By: Nikolas Oliver
There is much to be made of mental illness in Charlotte Perkins Gilman’s “The Yellow Wallpaper,” especially of whether the narrator is, or becomes, mentally ill. It would, however, require a skilled critic and psychoanalyst to wholly prove that the story’s narrator is not. Gilman further complicated this task when her article “Why I Wrote The Yellow Wallpaper?” was published. In this article, she detailed how she was given a treatment regimen like that of the story’s protagonist, and how it pushed her “so near the border line of utter mental ruin that [she] could see over.” It is not, temptation notwithstanding, within my qualifications to act as any person’s psychiatrist, even if that person is fictional. Mentally ill or otherwise, however, the narrator is not either of those two things exclusively. “The Yellow Wallpaper” is the story of a woman who, while under patriarchal control, constructs and instills a meaning upon the environment around her, which allows her to subvert partially that control.
Marriage and family have robbed the narrator of self-determination. The story begins with the unnamed narrator completely under the control of her husband, John. The power dynamic between them is like that of a parent with a child. He is both the person who gets to make determinations regarding her medical care, as well as the one who communicates her present physical and mental state to friends and family members. Moreover, when she expresses any feeling that does not conform to John’s lack of “patience with faith...[and his] intense horror of superstition,” he “scoffs openly.” At times he “laughs at [her],” but the narrator has learned not to take offense to it, as “one expects that in marriage.” The narrator suspects, however, that John’s governance of her care contributes to her slow recovery. She remarks, “[p]ersonally, I disagree with their ideas,” but she is in no position to challenge them. John is a physician, and, ostensibly, is qualified to prescribe a treatment method, as is her own brother, whose diagnosis and recommendations mirror what John’s dictates. In the story’s initial segment, the narrator writes the phrase “what is one to do?” several times, but, considering that her medium is a journal, the question is necessarily rhetorical: at present, she does not have the means to escape this control. John’s selection of a room with barred windows for her temporary residence, despite her wishes, is therefore a fitting choice for making clear the manifold ways in which the narrator is imprisoned.
The narrator is also denied, to the best ability of her husband and brother, any means of self-expression, and her external stimulus is extremely limited. She remarks that she “did write for a while in spite of them; but it does exhaust me a good deal,” but the source of her exhaustion is not the writing itself, but the hiding of it. The reader observes this hiding at numerous points in the story, such as when the narrator must cease journaling because of another character's approach. John explains that “with [her] imaginative power and habit of story-making, a nervous weakness like [hers] is sure to lead to all manner of excited fancies, and that [she] ought to…check the tendency.” He believes that writing would exacerbate her illness, a diagnosis with which the narrator disagrees, but the exhaustion she feels from doing so generally succeeds in preventing her from writing often.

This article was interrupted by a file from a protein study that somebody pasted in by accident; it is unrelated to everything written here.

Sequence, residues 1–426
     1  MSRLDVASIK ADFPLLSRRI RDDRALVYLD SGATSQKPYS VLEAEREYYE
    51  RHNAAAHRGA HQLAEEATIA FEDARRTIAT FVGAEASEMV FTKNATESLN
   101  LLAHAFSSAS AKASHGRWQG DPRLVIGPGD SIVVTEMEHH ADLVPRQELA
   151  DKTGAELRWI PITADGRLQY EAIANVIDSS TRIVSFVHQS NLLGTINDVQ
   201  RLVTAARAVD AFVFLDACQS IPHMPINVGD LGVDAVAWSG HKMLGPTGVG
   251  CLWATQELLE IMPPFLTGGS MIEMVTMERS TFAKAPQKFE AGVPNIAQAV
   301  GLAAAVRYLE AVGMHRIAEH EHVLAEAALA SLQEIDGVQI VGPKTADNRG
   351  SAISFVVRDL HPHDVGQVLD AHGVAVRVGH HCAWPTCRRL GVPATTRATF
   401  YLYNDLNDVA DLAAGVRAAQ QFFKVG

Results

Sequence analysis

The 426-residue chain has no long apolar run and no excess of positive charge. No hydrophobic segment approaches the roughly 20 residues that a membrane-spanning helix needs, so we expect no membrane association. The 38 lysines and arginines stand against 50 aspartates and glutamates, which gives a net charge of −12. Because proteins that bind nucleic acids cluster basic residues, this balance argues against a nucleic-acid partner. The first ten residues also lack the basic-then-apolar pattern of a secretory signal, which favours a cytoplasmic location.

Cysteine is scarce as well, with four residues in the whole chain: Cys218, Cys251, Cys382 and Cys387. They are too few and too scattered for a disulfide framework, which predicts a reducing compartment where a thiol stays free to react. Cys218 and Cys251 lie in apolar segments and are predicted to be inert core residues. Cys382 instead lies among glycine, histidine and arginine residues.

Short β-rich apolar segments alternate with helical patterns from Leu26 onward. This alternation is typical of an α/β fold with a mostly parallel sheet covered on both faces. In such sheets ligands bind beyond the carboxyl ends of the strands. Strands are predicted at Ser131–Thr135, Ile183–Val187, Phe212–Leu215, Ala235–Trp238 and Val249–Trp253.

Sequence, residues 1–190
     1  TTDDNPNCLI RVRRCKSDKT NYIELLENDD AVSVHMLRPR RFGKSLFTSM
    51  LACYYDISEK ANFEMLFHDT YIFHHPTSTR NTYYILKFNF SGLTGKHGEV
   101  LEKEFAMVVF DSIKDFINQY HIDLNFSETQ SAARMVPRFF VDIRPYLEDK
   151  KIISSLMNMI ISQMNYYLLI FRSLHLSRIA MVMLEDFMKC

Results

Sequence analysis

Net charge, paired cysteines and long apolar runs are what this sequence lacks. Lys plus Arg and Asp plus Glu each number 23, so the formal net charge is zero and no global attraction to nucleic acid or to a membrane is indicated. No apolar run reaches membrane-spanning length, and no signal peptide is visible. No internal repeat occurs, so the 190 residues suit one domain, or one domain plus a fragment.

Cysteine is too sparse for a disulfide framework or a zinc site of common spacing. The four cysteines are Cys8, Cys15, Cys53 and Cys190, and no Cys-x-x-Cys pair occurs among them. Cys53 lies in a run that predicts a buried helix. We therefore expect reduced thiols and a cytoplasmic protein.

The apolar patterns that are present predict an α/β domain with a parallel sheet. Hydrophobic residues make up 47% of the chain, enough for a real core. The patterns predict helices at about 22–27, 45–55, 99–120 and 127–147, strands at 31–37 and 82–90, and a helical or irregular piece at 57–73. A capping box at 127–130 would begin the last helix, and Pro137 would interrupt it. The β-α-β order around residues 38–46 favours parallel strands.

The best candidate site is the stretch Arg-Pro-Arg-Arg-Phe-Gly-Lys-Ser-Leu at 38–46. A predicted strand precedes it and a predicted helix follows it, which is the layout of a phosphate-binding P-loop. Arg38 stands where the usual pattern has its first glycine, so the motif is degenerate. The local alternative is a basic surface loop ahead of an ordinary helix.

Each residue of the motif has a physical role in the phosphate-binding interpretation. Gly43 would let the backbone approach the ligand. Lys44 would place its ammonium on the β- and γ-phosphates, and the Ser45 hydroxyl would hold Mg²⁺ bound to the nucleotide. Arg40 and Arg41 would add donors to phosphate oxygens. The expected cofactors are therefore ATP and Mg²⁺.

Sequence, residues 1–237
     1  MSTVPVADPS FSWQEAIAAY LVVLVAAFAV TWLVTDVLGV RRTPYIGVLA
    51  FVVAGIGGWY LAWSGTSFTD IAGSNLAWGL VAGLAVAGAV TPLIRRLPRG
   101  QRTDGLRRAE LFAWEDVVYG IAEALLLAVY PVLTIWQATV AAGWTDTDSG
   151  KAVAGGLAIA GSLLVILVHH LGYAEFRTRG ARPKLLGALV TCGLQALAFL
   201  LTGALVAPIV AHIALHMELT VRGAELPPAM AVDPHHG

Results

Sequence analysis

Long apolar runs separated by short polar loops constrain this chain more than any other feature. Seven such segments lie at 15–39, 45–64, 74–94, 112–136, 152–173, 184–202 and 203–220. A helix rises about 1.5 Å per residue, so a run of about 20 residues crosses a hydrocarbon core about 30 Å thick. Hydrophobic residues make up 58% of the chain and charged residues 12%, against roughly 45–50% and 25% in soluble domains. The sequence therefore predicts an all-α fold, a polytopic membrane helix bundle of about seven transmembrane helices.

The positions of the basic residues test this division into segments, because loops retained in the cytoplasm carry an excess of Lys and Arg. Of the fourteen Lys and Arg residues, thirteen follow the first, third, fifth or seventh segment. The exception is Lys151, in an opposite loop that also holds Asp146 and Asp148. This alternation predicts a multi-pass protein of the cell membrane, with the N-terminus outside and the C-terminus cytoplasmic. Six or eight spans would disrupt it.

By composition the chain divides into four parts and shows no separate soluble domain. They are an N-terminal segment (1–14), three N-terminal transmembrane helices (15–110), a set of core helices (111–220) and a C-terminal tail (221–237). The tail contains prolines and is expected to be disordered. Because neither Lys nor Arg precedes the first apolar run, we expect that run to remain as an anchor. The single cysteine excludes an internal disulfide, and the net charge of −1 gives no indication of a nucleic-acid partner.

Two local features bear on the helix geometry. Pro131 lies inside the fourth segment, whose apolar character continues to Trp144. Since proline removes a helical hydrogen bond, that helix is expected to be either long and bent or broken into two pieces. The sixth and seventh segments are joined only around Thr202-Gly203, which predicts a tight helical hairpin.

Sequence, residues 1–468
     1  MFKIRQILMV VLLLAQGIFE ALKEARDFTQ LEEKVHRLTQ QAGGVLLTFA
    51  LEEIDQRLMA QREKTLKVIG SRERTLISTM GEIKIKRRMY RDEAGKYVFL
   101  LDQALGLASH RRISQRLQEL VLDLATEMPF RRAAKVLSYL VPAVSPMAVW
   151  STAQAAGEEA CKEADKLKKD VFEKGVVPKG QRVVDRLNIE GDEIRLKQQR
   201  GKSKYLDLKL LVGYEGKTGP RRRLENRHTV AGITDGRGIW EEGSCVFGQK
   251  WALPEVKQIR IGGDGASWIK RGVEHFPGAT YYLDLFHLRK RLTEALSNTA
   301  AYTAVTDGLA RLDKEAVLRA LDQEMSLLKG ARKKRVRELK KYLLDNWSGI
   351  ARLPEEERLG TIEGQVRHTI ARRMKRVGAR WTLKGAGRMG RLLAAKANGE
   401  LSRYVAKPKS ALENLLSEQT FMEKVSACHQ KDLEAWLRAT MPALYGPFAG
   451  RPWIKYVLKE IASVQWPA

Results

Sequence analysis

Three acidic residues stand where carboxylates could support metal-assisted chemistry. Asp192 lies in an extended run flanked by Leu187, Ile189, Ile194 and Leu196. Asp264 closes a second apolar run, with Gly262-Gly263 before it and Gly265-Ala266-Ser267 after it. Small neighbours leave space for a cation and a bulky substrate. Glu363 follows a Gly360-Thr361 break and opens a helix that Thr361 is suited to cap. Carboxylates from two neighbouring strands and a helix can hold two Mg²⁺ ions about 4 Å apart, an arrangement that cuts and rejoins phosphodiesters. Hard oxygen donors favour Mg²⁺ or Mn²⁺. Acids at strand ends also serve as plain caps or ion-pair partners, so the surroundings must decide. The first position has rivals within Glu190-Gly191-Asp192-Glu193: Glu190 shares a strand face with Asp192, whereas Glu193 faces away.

All that remains to her are short and restrained periods in which she is able to leave her bedroom because John believes that exposing her to too much sensory input would also contribute to her illness. This method of treatment becomes suspect if one considers philosopher David Hume’s bundle theory, which states that humans have no continuous self and are nothing more than a bundle of successive perceptions. Hume argues that the self cannot be continuous and is instead ever changing because, for the self to be continuous, it would be necessary for one to have at least one sensory perception that is “constant and invariable,” and that no such thing exists. From a Humean perspective, John’s limitations over that to which the narrator may be exposed accomplishes two things. The first is that, by narrowing her sensory exposure, he literally narrows her existence into being whatever he wants for her to be. The second is that, by exposing her only to the same sets of sensory inputs, she is essentially unchanging; therefore, the treatment cannot possibly hope to work.